During the Black Lives Matter protests last summer, many on Chinese social media posted photos of toppled Confederate statues with the caption that a “cultural revolution” was taking place in the U.S. My mother forwarded me some of these messages and asked why “Black people are so quick to anger.” What she saw invoked memories of her youth, when historical artifacts were destroyed by political fanaticism. Unaware of the social context, she recognized the imagery and assumed the rest.

Spectacle captivates, but it’s never the whole story. Two sides can be equally engaged in battle and share no moral equivalence. What fascinates me is how easily people identify symbols of authority and take their side. My mother didn’t know what the Confederacy was about, but between monuments of stone and a passionate crowd, the crowd must be the trouble. Order, however unjust, was preferable to chaos.

Politicians and pundits spare no adjectives in denouncing the violence at Capitol Hill, which, in this case, is fair but insufficient. Violence is the spectacle; by itself it says very little about the justness of the cause while concealing underlying structures of power. The rioters are referred to as criminals, insurrectionists, domestic terrorists, which may all be legally correct, but these labels imply the righteousness of state authority and miss the most important point, that the rioters are white supremacists.

In a country founded on stolen land and built with slave labor, white supremacy has always worked with the state, often as the state, and occasionally against the state; only in the last instance does the establishment punish the rogue actors to preserve its power. From slave patrols to modern-day police, violent organs of the state have functioned to uphold structural racism and suppress its challengers. John Brown was tried, convicted, and hanged for treason. The men of the Sioux Uprising were tried, convicted, and hanged for rebellion against the U.S. government. Klansmen lynched with impunity. Martin Luther King jr. was “the most dangerous Negro,” according to the FBI.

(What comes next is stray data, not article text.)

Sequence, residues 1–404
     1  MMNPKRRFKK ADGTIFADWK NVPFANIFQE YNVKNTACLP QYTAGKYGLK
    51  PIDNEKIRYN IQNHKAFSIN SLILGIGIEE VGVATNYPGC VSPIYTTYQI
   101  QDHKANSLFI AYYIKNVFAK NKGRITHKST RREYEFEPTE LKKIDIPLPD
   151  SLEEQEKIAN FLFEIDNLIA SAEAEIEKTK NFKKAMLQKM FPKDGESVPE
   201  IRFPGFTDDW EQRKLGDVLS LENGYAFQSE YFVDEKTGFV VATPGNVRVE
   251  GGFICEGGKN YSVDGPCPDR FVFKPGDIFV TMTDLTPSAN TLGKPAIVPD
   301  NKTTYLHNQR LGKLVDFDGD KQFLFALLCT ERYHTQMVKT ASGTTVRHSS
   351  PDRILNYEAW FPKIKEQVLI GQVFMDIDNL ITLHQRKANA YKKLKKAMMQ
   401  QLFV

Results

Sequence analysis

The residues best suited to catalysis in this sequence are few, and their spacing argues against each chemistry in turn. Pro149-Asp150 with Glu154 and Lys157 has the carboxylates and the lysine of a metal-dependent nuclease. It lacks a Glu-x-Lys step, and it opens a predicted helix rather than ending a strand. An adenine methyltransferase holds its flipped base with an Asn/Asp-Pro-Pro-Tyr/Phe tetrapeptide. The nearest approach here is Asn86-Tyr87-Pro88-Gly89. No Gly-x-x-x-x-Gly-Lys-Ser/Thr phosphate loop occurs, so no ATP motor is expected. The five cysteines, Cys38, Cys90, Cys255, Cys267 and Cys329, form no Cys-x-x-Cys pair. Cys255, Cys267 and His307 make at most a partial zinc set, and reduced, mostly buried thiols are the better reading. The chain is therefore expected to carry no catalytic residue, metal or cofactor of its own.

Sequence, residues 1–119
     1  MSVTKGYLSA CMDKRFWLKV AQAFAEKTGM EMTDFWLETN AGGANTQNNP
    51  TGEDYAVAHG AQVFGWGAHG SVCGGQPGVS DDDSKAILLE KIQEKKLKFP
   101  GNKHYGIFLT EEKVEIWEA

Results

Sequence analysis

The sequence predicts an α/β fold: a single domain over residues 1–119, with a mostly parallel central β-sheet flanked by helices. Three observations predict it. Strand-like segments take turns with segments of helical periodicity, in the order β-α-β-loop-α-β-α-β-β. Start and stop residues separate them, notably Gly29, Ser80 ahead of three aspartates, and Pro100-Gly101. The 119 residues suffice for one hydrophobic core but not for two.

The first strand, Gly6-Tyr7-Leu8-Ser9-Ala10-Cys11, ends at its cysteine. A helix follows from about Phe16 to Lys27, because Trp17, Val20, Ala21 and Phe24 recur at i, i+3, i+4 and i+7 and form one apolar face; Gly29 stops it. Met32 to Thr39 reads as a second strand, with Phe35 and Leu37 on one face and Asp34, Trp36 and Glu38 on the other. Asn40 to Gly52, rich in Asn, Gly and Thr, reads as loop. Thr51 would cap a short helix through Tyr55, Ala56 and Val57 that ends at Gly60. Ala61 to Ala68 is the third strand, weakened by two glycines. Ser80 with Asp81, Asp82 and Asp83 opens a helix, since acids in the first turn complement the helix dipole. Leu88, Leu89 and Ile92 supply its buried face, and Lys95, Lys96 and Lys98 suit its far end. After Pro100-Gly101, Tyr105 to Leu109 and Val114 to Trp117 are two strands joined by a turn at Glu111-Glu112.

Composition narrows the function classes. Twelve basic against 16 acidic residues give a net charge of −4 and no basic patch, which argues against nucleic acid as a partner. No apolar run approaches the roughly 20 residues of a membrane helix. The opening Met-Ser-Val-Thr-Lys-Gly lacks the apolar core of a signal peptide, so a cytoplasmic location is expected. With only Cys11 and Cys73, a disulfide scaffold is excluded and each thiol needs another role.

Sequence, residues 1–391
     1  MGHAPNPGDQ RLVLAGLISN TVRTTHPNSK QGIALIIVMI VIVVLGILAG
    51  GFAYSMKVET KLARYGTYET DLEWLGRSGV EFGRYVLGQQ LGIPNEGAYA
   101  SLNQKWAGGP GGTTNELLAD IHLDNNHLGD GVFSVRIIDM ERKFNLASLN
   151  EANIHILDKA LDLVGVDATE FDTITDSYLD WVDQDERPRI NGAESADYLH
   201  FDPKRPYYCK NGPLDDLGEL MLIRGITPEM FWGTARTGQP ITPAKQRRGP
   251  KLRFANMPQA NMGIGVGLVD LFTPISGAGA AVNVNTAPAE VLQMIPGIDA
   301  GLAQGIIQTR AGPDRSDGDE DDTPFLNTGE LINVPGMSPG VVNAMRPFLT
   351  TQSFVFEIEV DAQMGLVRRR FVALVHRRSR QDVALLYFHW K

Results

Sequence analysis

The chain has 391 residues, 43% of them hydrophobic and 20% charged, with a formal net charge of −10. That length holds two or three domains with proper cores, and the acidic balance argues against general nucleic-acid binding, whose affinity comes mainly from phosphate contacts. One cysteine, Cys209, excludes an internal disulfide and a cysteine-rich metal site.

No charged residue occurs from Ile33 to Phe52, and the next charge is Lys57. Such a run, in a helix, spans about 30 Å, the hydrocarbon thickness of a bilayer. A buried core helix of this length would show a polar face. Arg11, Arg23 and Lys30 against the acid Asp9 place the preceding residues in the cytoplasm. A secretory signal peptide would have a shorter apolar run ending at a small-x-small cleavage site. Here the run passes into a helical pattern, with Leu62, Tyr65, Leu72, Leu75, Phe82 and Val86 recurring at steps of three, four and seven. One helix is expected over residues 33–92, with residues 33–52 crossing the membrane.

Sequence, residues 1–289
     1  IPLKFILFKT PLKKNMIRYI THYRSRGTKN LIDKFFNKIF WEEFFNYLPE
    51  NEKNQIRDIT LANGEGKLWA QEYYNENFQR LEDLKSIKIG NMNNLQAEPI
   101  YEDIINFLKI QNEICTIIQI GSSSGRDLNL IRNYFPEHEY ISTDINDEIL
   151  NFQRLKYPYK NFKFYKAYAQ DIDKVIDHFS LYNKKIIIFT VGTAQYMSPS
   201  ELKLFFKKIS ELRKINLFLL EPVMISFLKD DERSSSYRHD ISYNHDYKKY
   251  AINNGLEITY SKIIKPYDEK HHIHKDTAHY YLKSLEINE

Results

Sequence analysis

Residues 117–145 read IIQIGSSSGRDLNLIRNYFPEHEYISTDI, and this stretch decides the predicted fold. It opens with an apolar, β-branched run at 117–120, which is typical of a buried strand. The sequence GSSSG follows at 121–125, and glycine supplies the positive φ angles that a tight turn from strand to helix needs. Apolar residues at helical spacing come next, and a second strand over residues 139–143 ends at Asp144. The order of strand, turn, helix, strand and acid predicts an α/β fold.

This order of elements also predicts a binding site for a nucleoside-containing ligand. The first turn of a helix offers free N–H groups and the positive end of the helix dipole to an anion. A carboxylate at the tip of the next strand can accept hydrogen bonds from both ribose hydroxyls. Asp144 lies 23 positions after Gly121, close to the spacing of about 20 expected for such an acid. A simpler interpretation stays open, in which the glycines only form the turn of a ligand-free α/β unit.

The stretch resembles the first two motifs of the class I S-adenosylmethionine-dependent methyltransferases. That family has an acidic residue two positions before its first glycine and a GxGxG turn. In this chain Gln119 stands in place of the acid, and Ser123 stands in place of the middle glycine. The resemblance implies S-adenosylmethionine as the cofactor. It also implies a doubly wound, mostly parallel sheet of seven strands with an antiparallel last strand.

Turmoil triggers fear. Bloodshed shocks the conscience. By promising safety and stability, the state justifies its monopoly on violence and expands its arsenal. In the immediate aftermath of the Capitol Hill riot, over a dozen anti-protest bills have been introduced in state legislatures across the country. As reported by The Intercept, “most of the bills have their roots in responses to last summer’s protests against police brutality.” One of them, put forth in Minnesota, seeks to restrict Indigenous-led activism against oil and gas pipelines.

“Some of us did NOT die.” Speaking at a lecture shortly after 9/11, the poet June Jordan posed these questions:

“And what shall we do, we who did not die?

“Is there an honorable non-violent means towards mourning and remembering who and what we loved?

“Is there an honorable means to pursue and capture the perpetrators of that atrocity without ourselves becoming terrorists?

“I don’t know the answer to that.”

That afternoon, when the Capitol was under siege, I was trying to . . .

Continue reading. There’s more.

Written by Leisureguy

2 February 2021 at 5:46 pm